I’m not familiar with any particular genetic conditions increasing the risk for psychosis. I can say, generally speaking, in the psychology world, we understand that psychosis is found more in populations that have neurocognitive impairment for example, and also in populations that have a family history. So, perhaps not necessarily, maybe it’s there, and I’m just not familiar with it in terms of genetic conditions increasing the risk of psychosis. But we do know that genetic conditions also increase the risk of neurocognitive impairment compared to epilepsies that have a different type of etiology. And it may just be the multiple factors that are associated with the genetic epilepsies that increase the risk of psychosis if it’s something that the person asking the question has been finding, or is familiar with, or something that makes sense to them. But to date, I haven’t come across any literature that has presented that as a risk factor.

A viewer has heard that stimulants are not as effective with SCN 1A epilepsy. Would that be true? Do you know?

So, I don’t know about SCN1A, and stimulants specifically, but I do know that stimulants tend to be less well tolerated in some populations with epilepsy. SCN1A is a condition that usually comes with a lot of other situations. They tend to have a lot of medicine, because the seizures are hard to control, and in my experience a lot of my patients that have neurological conditions, whether it’s epilepsy, or something else, have a higher risk of having side effects of any medicine that they are taking. So, stimulants are known to have side effects, and the population may just be much more at risk of having side effects. The problem with stimulants sometimes it’s not that they don’t help the cognitive aspect of the person, it’s not that they’re not helping attention, it’s that we can’t reach the therapeutic dose without having significant side effects such as irritability, depression, and difficulty sleeping, and appetite.

I also have worked with folks that spend a lot of their research career with populations that have autism, which is known to occur more frequently in genetic epilepsies that have SCN1A mutations, and their practice tends to be used more non-stimulant medication before stimulant medications like Stratera for example, because it’s much better tolerated, and they can reach therapeutic levels compared to what type of efficacy they can have with the stimulant meds. But I haven’t come across specifically research with SCN1A, but it would make sense to me if somebody publishes that, why that would be a problem.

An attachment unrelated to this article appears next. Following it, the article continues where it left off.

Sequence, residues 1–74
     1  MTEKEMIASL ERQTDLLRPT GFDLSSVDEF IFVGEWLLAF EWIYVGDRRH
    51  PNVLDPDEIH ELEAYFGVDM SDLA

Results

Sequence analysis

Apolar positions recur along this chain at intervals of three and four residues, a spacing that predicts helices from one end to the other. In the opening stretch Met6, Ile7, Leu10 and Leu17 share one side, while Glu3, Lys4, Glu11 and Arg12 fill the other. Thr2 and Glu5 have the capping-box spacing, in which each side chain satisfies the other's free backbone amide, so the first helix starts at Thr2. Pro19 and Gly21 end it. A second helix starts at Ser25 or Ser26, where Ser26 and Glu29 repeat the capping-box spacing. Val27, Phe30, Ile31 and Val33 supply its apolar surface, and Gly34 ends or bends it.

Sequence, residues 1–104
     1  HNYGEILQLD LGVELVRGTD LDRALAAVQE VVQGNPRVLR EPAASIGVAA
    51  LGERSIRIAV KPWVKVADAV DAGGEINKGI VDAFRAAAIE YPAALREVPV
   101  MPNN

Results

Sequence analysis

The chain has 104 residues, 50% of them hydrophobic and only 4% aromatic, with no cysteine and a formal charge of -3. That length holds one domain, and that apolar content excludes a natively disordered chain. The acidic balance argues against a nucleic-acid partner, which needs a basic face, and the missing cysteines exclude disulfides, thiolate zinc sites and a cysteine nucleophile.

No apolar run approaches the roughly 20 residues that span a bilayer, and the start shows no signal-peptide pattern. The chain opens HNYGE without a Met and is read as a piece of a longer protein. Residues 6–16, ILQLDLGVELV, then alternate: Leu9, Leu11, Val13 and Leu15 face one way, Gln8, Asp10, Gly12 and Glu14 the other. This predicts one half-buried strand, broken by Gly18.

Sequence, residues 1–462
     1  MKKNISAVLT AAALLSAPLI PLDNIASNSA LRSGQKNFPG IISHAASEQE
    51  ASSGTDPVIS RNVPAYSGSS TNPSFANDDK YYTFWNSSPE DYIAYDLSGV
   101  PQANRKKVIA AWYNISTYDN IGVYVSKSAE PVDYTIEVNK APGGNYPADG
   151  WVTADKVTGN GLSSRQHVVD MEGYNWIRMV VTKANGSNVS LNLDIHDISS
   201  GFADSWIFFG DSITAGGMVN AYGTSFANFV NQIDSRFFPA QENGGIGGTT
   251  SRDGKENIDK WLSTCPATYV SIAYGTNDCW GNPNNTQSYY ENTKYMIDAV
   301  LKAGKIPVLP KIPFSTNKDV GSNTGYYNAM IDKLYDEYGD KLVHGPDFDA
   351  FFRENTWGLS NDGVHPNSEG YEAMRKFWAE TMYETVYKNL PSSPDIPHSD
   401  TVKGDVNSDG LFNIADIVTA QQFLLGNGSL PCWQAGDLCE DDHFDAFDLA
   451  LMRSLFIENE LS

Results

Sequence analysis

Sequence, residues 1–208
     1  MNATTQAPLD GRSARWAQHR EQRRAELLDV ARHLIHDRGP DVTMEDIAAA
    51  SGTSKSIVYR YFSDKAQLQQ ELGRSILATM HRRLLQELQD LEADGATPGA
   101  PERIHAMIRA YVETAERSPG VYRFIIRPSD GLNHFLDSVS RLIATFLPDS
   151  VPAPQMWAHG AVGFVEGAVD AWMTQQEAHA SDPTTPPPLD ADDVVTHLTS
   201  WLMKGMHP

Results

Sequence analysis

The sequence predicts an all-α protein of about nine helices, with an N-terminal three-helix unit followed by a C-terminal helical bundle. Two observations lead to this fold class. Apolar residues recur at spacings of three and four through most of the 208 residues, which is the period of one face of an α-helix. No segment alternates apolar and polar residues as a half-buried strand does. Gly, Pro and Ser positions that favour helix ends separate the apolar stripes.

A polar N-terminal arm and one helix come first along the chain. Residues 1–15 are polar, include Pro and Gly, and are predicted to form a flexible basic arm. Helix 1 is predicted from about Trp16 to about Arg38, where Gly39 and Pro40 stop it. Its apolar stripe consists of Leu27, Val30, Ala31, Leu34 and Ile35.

Are there ways for parents to screen for mental health, and needs in younger children like toddler, pre preschool-aged children?

That’s a challenge for an anybody, even parents that don’t have children with… Whose children do not have epilepsy. It’s most of the studies that look at general populations age when depression, and anxiety begins to actually present, when certain states have looked at this for example, and they estimate that anxiety, and depression really begin to emerge more between the ages of eight, and nine years old. So, ADHD presents more often between the ages of five, and six, but we hesitate to diagnose, or to talk about someone who’s presenting very sad as being depressed when they are young like a toddler, or even a preschool-aged kid, or kindergarten age kid. Similarly, we are very hesitant to start thinking about ADHD in a toddler, or someone who’s even three, or four years old, because in my experience most toddlers have a lot of difficulties paying attention, and they have a lot of hyperactivity.

So, it’s very challenging to differentiate what is a clinical mental health condition versus just kind of normal brain in that young age. That being said, I will always recommend the parents of any age, of kids with any age to just monitoring change in their behavior over a course of on a week to week basis. Any of our kids can be a little bit more irritable, a little bit more sad, or a little bit more anxious, or different in their behavior presentation from one day to another. Kids are very sensitive to changes in their schedule, in their sleep patterns, in their nutrition, and we may just be seeing a transient change in behavior as a result of some of these environmental variables. But if we start measuring on a week to week, a change that seems to be a little bit more there between one week, or another week, and really notice a change that we can compare to what was going on the month before, or the month before that, that’s how we can start really identifying the potential presence of anxiety, depression, or sadness in children that are younger like toddlers, and kindergarten.

The studies also say, also show us that anxiety, and depression may present very differently at that young age compared to how it presents in middle childhood, or even as we get into adolescents, and in adulthood, they tend to, for example, in anxiety tends to present more as mutism, or social isolation when they’re really young. If they’re in school, they stop playing, they stop talking, they stop interacting with others. Mood changes may present much more as irritability, and crying, but not necessarily verbalizing that they’re feeling a particular way. And also changes in their kind of basic physiological activity like changes in sleep patterns, changes in appetite. Those may also be more signs to be on the lookout for with younger kids that are three, four when we are trying to make sure that the anxiety, or mood are not being affected by whatever is happening, whether it’s a condition, or changes in their treatment.

For absence seizures, would mental health issues lessen if the child were to grow out of these types of seizures?